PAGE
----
Sign in with
Sign up | Sign in
Your question
Solved

Dual-Booting for more FPS

Last response: in Systems
Share
June 14, 2010 5:42:59 AM

I'm building a new system, and as I am a student at a university, I have an MSDNAA account, through which I can get Windows 7 and Windows XP, 2 licenses each. So, disregarding price, is it wise to have one computer system with two partitions, one strictly for gaming (no internet, hence no antivirus), and the other for office work, internet with antivirus etc.

Mostly I ask because in my limited wisdom AV overhead is quite taxing on a PC. Ideally I'd love to have 2 Win7 partitions, but would like to see if WinXP can give me another 5-8 fps in Crysis.

Does anyone have any experience with this sort of setup? Is AV overhead really that large (my fav AV suite is avast)? Is WinXP > Win7 if all I'm going to do is boot and play?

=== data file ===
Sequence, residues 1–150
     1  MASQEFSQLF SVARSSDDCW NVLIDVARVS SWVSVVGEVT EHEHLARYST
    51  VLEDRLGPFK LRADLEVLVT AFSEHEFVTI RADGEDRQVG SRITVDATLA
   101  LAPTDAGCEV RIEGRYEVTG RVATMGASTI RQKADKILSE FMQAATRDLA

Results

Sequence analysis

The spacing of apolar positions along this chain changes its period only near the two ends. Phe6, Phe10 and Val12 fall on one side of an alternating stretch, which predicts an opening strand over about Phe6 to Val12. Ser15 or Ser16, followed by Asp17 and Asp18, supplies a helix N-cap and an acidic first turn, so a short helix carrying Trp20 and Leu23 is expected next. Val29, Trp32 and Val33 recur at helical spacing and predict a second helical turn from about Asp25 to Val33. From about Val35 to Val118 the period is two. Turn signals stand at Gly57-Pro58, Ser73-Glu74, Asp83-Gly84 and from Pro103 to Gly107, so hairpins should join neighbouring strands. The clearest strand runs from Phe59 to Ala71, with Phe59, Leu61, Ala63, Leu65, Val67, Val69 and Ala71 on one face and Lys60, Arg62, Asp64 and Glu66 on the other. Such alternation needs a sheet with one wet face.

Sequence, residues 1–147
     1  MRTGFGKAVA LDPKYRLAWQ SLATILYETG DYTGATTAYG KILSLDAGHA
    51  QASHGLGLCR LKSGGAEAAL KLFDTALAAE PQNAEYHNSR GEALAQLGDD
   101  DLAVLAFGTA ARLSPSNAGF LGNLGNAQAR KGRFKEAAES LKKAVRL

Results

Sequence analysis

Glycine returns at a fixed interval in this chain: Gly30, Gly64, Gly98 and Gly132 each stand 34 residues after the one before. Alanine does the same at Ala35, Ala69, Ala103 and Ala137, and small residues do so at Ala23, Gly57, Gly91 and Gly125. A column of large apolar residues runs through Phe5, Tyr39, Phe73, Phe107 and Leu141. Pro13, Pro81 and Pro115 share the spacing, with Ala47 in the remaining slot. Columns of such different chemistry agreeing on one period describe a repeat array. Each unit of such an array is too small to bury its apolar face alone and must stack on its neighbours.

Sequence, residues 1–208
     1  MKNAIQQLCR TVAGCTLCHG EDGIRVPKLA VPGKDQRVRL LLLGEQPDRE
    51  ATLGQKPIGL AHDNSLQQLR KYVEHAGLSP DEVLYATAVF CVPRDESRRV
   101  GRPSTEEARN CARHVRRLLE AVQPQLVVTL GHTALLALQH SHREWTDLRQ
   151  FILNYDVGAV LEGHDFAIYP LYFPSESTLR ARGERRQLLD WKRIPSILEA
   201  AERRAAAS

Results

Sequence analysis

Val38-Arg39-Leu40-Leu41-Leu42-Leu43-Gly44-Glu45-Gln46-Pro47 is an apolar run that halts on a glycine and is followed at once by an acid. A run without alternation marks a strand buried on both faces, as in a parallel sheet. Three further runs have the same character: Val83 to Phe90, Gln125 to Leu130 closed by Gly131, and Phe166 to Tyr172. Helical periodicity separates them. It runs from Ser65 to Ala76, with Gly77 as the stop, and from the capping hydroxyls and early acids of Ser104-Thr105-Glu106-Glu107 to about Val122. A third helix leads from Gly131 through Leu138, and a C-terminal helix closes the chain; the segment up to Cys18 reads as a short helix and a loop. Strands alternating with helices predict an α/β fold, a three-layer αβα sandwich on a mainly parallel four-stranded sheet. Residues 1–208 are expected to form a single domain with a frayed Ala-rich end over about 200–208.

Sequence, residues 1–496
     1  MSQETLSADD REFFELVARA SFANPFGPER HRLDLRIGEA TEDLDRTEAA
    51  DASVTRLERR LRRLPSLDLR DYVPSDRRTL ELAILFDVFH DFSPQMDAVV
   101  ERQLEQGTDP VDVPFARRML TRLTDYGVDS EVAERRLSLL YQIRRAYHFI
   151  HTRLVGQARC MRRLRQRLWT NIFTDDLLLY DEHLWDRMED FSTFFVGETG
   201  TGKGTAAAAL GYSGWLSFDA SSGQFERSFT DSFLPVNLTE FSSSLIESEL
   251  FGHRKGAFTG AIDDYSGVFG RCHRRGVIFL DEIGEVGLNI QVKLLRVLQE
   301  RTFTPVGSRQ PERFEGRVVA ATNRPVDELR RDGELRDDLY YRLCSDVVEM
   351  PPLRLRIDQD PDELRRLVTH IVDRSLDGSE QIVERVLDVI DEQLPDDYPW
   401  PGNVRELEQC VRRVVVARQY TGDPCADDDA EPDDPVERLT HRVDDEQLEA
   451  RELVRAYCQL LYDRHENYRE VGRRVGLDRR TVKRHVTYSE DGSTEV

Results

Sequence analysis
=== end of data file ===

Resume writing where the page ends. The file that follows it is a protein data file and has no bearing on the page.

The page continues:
More about : dual booting fps

Best solution

June 14, 2010 5:49:26 AM
Share

It's not a real problem with most modern computers. most games won't use more then 2 solid cores so at least 1 is free for AV use. Also with large amounts of RAM in most systems, the extra load a AV may put on the HDD is not a real issue.

It would be wiser to use a virtual machine for random internet crap. and have a light weight AV, games and office utilities on the host.
a b B Homebuilt system
June 14, 2010 5:53:25 AM

No. AV overhead only affects performance during a scheduled scan. If it begins scanning during Crysis, simply turn it off. Or schedule the scan for when you're in class, when you know you wont be using it.
Related resources
June 14, 2010 6:02:49 AM

I've ran dual boot before. It gets tiresome very fast.

Is the extra 5-8 fps really THAT important? Are there other ways you can get that? CPU/GPU overclock or upgrade?

Dual boot is like your teenage girlfriend. Awesome and entertaining at first, but after the novelty wears off its just a PIA :p 
June 16, 2010 1:37:36 AM

Best answer selected by jarek319.
!